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Research in Progress Seminar (RIPS) - February 9, 2022

Panel on recently published books: Childhood in IR, Austerity and Paradox and Democracy

Jan 13, 2022

This is a panel discussion on three recently published books by faculty members of the Department of Political Science.

Catherine Frost is Associate Professor of Political Science at McMaster University, Canada. Her teaching and research interests are in political thought and history, including political community, nationalism and collective identity, as well as communications theory, literature and new media. Her research centers on questions of representation and justice, and asks how and why systems of representation are created and re-created, and how this reshapes politics. Before joining McMaster Frost held research fellowships at the Hebrew University in Jerusalem and McGill University in Montreal, and before entering academia, she served as a policy advisor in the Ontario government and a communications advisor in the private sector.

Marshall Beier is Professor of Political Science at McMaster University and Editor-in-Chief of the journal Critical Studies on Security. In his current research, he investigates intersections of childhoods and militarism, issues of children’s rights and political subjecthood across various settings, visual and affective economies of children in abject circumstances, and imagined childhood as a technology of global governance. He is active with the McMaster Children and Youth University and conducts research into similar programs internationally. His publications include The Militarization of Childhood: Thinking Beyond the Global South, ed. (2014); Childhood and the Production of Security, ed. (2017); Discovering Childhood in International Relations, ed. (2020); and, with Jana Tabak, Childhoods in Peace and Conflict, eds. (2021).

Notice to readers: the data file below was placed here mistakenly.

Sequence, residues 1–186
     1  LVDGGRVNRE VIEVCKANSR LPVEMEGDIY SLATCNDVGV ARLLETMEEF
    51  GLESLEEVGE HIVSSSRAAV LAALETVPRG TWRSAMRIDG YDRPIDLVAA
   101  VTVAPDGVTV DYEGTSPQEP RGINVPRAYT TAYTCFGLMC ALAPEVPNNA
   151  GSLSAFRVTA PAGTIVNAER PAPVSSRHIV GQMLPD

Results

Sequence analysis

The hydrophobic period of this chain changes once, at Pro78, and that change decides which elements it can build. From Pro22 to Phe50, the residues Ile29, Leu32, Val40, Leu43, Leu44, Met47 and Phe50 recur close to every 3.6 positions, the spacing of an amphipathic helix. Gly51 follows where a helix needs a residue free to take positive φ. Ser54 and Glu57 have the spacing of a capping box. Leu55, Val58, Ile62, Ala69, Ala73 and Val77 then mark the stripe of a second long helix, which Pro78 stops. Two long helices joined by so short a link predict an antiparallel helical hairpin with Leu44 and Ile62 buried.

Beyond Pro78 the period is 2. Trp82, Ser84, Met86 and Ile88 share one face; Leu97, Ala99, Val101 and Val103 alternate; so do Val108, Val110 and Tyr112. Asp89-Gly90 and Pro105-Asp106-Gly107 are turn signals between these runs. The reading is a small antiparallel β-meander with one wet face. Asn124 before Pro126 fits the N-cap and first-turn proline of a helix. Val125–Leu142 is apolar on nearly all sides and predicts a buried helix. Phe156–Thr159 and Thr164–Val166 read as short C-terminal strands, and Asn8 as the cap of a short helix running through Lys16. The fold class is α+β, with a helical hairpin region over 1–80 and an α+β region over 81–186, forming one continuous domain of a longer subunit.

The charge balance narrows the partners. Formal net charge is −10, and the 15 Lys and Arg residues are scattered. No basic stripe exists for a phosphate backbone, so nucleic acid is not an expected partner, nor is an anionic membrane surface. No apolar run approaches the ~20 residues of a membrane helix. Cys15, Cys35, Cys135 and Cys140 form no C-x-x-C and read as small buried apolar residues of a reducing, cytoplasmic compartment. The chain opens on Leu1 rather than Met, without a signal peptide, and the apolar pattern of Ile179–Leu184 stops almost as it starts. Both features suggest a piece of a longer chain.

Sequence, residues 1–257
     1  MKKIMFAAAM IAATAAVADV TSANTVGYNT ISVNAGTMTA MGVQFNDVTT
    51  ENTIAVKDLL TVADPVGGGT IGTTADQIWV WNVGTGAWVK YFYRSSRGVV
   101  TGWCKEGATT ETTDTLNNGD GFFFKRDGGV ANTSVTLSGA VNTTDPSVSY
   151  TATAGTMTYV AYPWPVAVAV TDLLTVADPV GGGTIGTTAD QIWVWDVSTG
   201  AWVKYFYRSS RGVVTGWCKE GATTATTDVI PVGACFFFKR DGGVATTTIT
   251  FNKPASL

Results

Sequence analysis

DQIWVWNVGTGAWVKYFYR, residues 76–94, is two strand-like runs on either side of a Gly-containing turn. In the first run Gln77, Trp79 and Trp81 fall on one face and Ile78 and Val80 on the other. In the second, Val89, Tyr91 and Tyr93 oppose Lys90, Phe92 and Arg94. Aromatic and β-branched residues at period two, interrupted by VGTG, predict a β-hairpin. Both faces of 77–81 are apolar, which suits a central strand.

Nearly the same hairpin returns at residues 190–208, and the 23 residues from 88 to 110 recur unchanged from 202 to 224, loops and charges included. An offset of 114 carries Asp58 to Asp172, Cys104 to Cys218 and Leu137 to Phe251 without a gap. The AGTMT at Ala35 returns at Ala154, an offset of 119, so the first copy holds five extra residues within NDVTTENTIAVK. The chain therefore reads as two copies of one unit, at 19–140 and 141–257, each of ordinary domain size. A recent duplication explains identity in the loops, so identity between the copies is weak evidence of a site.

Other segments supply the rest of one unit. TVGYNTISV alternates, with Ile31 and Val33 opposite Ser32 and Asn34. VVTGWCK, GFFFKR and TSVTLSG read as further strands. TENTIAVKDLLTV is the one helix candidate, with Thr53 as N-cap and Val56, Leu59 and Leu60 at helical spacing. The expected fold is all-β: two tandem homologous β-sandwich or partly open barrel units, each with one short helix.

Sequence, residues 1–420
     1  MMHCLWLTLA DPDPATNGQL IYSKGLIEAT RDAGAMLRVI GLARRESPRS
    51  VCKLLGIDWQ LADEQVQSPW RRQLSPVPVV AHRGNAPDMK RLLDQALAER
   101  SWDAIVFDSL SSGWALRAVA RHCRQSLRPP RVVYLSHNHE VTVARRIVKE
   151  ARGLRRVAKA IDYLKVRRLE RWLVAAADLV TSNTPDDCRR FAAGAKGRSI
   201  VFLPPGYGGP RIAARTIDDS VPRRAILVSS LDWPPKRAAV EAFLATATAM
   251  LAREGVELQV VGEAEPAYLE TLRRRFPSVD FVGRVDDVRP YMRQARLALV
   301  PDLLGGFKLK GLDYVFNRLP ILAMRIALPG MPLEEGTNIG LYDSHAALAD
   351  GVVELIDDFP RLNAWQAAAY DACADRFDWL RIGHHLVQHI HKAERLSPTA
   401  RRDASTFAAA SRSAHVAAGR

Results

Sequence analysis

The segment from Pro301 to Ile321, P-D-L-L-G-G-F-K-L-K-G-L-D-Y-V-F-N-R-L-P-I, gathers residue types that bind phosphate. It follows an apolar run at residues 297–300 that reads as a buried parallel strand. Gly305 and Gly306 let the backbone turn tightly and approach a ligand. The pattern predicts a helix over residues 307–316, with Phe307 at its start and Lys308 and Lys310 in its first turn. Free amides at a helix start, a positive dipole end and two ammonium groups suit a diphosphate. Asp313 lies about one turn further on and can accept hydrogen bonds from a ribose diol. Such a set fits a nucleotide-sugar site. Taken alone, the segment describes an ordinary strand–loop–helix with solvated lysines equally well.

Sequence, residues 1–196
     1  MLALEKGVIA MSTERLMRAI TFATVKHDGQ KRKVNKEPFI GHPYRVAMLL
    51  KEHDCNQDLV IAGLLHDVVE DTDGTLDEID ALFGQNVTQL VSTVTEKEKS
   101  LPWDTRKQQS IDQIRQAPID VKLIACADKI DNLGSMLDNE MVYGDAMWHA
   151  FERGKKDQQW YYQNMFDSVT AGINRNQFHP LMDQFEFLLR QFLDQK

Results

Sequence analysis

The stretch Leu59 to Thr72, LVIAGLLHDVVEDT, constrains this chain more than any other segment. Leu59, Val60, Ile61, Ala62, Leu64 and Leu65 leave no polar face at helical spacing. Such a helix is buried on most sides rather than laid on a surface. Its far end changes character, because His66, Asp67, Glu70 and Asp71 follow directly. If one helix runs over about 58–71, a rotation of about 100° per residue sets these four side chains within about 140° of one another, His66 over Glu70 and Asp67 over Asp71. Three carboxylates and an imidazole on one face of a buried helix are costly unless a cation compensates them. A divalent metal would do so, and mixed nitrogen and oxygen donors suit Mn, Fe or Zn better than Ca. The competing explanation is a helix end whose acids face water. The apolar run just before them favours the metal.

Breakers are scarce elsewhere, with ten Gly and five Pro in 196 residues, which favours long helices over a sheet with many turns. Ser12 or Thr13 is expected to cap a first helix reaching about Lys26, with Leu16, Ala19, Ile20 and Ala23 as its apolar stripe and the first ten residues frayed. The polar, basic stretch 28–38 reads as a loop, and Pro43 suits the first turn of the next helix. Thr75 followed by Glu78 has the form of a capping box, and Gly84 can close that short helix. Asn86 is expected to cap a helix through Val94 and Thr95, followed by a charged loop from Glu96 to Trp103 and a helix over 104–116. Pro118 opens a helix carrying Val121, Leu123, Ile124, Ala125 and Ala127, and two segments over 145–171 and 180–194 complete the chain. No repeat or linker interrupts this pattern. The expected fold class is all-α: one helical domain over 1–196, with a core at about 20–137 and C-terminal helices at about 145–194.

Stephen McBride is Professor and Canada Research Chair in Public Policy and Globalization in the Department of Political Science at McMaster University. Recent publications have focused on the politics of austerity after the Global Financial Crisis, and the negative consequences of neoliberalism for democratic governance. Current research interests include the role of the state in the context of a declining liberal international order, the challenge to democratic government posed by neoliberal globalization, and the impact of multiple crises --  environment, health, economic, security – on everyday life and futures.


DATE: Wednesday, February 9, 2022
TIME: 2:30 p.m. – 4:00 p.m. EST
WHERE: LRW 1003, Community Room

Register for this event here

All are welcome to attend this FREE session.